Individualism and the Entitlement State

A recent edition of the Wall Street Journal asked the timely question, “Are Entitlements Corrupting Us?” Dr. Nicholas Eberstadt of the American Enterprise Institute argued ‘yes,’ making his case by laying out numerous statistics showing the steep rise in the number of American households accepting some form of government assistance or subsidy.

Eberstadt’s argument goes like this: ‘Individualism’ characterizes Americans; We cannot escape corruption if most of us are taking government assistance; and Americans are approaching the point where most are taking government assistance. Therefore, entitlements are corrupting ‘us’ Americans.

Eberstadt uses the term ‘individualism’ only once in his article, to describe the kind of rugged self-reliance that Tocqueville observed in 19th century America. The problem with this argument is that it fails to consider the possibility that the individualism Eberstadt says entitlements are corrupting, may itself be responsible for the rise of entitlements.

Let’s go back to how Alexis de Tocqueville understood individualism. The problem with Eberstadt’s application is that it fails to take into account Tocqueville’s suspicions about the limitations and dangers of individualism. These suspicions are rooted in his family and French ancestry.

Tocqueville’s aristocratic family lived in fear of the guillotine throughout the revolutionary era. The French Revolution was the great Western social experiment that sought unspoiled, pure equality. Aristocrats and royalty, seen as expressions of hierarchy, class, and social order, were hunted down and executed in order to achieve this equality.

With this leveling, two things happened: first, each individual was given the ability to completely recreate himself, without reference to God, creed, community, history and even human nature. Because the self no longer has the categories of definition that it used to have, it must (or is free to) create its own from scratch. To define oneself in this way is individualism unfettered, unable or unwilling to recognize its limits.

Second, the quest for equality in France, and the rise of individualism that came with it, ironically created a vacuum that was filled by despotism. The vacuum brought about by radical equality was recently and vividly demonstrated in the Occupy Wall Street movement. Here a group fought for the same kind of radical equality sought in the French Revolution, though they didn’t have the power to carry out their ideas as Robespierre did.

What was the result? News reports of looting, robberies and rapes dotted the news wire toward the end of its time in New York City. Wealthy celebrities (who could be considered part of the 1%) capitalized on the publicity of appearing in solidarity with the protestors. The Occupy movement was a demonstration of radical equality allowing each person to recreate himself or herself however they wished. In the vacuum that followed, what really mattered was who was stronger, and who was smarter.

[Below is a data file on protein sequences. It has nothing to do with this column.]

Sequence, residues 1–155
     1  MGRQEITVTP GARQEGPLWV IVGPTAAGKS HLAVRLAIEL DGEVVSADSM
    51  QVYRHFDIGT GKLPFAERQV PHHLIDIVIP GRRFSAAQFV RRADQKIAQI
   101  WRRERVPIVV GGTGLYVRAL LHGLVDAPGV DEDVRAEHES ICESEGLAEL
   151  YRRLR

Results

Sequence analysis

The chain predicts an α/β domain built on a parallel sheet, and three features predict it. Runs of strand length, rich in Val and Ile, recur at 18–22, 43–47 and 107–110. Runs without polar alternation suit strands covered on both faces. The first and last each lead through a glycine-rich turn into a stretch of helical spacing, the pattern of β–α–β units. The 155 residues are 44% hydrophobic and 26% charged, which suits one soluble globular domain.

An awareness of the dark side of individualism seems to be missing from Eberstadt’s analysis, as he doesn’t seem to consider that an unrestrained individualism may be behind the rise of the number of ‘takers’ in America.

How does radical individualism increase entitlements? Wilfred M. McClay in his entry on ‘individualism’ in American Conservatism: An Encyclopedia observes:

“As Tocqueville well understood, individualism is itself the product of a particular form of socialization. Radical centralization and radical individualism go hand in hand, precisely because centralization gradually eliminates the functional need for individuals to understand and comport themselves as social creatures, accountable to one another and nourished by and embedded in their proximate social contexts.”

Entitlements are the currency of centralization, but are the rising entitlements Eberstadt refers to also eliminating “the functional need for individuals to understand and comport themselves as social creatures”? Yes.

Social Security and Medicare eliminate the functional need for the younger generation to prepare to care for the older generation. Medicaid and other forms of welfare provide one with an easy and inferior answer to the question, “How should I relate to the poor family living next door to me?” These entitlements take away the need to “understand and comport” ourselves in our social context, which includes the poor and the elderly. In other words, centralization and the entitlements that come with it, allow the individualist to be unchained from the limits of rootedness, family, communal context, and the poor.

So, if a heavy dose of rugged individualism isn’t the antidote we seek, what is? First, we need to find and shore up the common ground between the libertarian and traditional critiques of modern America. Both sides see the need to fight centralization, but it takes special care to make certain that they aren’t cannibalizing each other.

Second, the way forward will require solutions that are not political. Political solutions have a ceiling on what they can achieve. Many Alaskans have a deep difficulty understanding anything that is not practically political, but in order to have a Reagan in politics, you must first have a revival of ideas.

While the narrative that Eberstadt tells about entitlements in America is disturbing, they grant us the opportunity to discover again who we are as Americans, and the ideas that animate the history of our nation and state.

Don’t let the opportunity go to waste.

Jeremy Thompson writes for the Alaska Policy Forum, a free-market think tank focused on public policy in Alaska.